To those of you who are accusing me of reading Christian themes into the movie that aren’t really there, I can only say that I am not. I am reporting on the language, imagery, dialogue, and plot of the movie. Is it an allegory, like the Chronicles of Narnia, concerned with embodying Christian doctrine? No. It is a story that has its own characters and plot and inner logic. But they are all saturated with Christianity. If you don’t believe me, see the movie. Or get a soundtrack and leave out all songs that are about God, Heaven, grace, Jesus, or that are prayers. You will have a very short record.

  • one of my first classical reads- think I was 10 or 11 yrs old-
    had read all of the horse books as school and public library (OK- Black Beauty is a CLASSIC) –

  • George A. Marquart

    Dr. Veith @30

    If by substitutionary atonement you mean that our Lord was punished for our sins, then no. The punishment for our sins is eternal death – not crucifixion. Why is it that we so easily deny one of the fundamentals of our faith? Nowhere in Scripture does it say that instead of eternal death a certain amount of torture can be substituted. I believe that our Lord led a perfect life (for us and for our salvation – that is substitutinary) and we are given credit for that (substitutionary) just as we were debited with original sin because of the sin of Adam (substitutionary). Romans 5: 12 Therefore, just as sin came into the world through one man, and death came through sin, and so death spread to all because all have sinned— 13 sin was indeed in the world before the law, but sin is not reckoned when there is no law. 14 Yet death exercised dominion from Adam to Moses, even over those whose sins were not like the transgression of Adam, who is a type of the one who was to come. 15 But the free gift is not like the trespass. For if the many died through the one man’s trespass, much more surely have the grace of God and the free gift in the grace of the one man, Jesus Christ, abounded for the many. 16 And the free gift is not like the effect of the one man’s sin. For the judgment following one trespass brought condemnation, but the free gift following many trespasses brings justification. 1 Corinthians 15: 21 For since death came through a man, the resurrection of the dead comes also through a man. 22 For as in Adam all die, so in Christ all will be made alive.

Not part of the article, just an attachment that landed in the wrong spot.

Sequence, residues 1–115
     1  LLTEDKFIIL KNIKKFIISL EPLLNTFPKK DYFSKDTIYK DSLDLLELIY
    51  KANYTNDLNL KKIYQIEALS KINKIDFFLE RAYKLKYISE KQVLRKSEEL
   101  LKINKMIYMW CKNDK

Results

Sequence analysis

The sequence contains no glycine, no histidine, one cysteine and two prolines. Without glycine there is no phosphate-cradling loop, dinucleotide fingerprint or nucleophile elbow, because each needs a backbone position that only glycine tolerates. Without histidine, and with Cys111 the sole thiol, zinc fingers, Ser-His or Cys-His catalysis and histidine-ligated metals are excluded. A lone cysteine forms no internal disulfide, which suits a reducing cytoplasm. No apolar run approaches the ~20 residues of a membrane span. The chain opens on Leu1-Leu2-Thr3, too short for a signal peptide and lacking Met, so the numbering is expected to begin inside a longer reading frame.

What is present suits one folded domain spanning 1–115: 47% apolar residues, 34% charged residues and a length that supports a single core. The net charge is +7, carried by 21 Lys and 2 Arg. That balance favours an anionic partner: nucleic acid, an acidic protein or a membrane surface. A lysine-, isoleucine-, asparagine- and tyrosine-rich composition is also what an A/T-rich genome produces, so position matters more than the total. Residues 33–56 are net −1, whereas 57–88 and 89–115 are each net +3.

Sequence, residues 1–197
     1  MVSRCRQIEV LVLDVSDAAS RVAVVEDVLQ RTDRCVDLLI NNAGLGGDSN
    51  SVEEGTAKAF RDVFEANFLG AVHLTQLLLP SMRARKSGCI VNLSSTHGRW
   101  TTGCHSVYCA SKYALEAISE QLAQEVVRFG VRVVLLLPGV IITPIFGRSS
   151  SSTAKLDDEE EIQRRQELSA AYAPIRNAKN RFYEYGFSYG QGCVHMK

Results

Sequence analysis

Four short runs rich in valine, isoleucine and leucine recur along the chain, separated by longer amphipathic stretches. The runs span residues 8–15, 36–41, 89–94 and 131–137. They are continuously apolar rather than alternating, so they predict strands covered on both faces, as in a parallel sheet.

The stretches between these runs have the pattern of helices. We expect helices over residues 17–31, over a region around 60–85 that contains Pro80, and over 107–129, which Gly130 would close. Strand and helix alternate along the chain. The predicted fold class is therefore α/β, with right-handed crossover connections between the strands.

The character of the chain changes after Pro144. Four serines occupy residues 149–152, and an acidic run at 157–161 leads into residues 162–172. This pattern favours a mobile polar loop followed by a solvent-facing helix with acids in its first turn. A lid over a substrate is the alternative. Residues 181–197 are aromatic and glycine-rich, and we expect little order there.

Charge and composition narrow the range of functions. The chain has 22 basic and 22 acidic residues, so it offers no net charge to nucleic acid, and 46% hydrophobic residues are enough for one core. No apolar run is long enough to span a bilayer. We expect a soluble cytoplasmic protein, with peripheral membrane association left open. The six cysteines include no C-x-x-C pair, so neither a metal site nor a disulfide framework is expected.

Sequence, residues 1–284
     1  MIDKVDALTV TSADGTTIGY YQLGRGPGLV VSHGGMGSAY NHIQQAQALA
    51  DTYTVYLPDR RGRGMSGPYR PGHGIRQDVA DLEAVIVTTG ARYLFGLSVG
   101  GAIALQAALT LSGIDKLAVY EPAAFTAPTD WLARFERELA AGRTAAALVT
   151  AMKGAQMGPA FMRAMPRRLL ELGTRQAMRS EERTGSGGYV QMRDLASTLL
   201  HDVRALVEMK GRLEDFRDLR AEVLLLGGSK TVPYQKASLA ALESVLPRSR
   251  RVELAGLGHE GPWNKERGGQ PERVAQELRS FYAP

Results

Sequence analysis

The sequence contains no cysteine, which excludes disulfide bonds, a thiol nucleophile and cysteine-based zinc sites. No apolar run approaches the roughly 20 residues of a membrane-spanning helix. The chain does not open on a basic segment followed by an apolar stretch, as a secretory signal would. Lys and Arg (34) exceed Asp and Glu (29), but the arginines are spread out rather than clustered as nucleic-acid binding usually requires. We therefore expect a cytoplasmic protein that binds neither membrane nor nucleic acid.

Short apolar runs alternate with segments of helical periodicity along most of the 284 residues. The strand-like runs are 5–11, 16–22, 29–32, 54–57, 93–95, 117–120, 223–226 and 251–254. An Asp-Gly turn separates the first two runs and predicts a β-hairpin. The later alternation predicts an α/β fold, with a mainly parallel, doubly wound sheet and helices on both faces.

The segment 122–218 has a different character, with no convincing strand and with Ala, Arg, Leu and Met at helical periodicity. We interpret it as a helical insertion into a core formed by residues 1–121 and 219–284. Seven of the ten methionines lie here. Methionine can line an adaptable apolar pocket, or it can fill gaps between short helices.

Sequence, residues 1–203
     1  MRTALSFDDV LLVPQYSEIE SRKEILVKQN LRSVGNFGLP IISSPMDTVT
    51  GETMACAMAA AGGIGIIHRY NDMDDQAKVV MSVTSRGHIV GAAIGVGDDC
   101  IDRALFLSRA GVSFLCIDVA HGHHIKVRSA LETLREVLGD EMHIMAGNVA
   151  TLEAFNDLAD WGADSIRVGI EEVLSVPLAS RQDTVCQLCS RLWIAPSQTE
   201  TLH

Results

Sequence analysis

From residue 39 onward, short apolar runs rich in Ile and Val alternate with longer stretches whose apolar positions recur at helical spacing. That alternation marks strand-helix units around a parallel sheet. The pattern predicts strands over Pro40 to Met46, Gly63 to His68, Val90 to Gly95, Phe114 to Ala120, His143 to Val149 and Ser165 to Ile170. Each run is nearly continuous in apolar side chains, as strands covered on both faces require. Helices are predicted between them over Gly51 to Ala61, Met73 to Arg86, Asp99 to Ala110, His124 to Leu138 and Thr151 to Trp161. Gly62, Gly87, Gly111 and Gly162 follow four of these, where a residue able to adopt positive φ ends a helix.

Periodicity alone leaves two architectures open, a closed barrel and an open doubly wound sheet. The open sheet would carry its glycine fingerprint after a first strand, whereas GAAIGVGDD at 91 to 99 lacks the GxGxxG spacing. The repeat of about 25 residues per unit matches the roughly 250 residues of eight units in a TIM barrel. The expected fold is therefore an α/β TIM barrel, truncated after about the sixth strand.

I also believe that our Lord brought an offering for sin in the person of Himself. This was not a matter of the Father punishing the Son, but the Son offering a perfect offering as the Law had taught God’s people for many years. Yes, He did it for us; therefore it was substitutionary. That is what the Book of Hebrews is all about; particularly when we read in Chapter 9:11 When Christ came as high priest of the good things that are already here, he went through the greater and more perfect tabernacle that is not man-made, that is to say, not a part of this creation. 12 He did not enter by means of the blood of goats and calves; but he entered the Most Holy Place once for all by his own blood, having obtained eternal redemption. 13 The blood of goats and bulls and the ashes of a heifer sprinkled on those who are ceremonially unclean sanctify them so that they are outwardly clean. 14 How much more, then, will the blood of Christ, who through the eternal Spirit offered himself unblemished to God, cleanse our consciences from acts that lead to death, so that we may serve the living God! 15 For this reason Christ is the mediator of a new covenant, that those who are called may receive the promised eternal inheritance–now that he has died as a ransom (απολυτρωσιν – not that He was a ransom, but He paid the ransom) to set them free from the sins committed under the first covenant.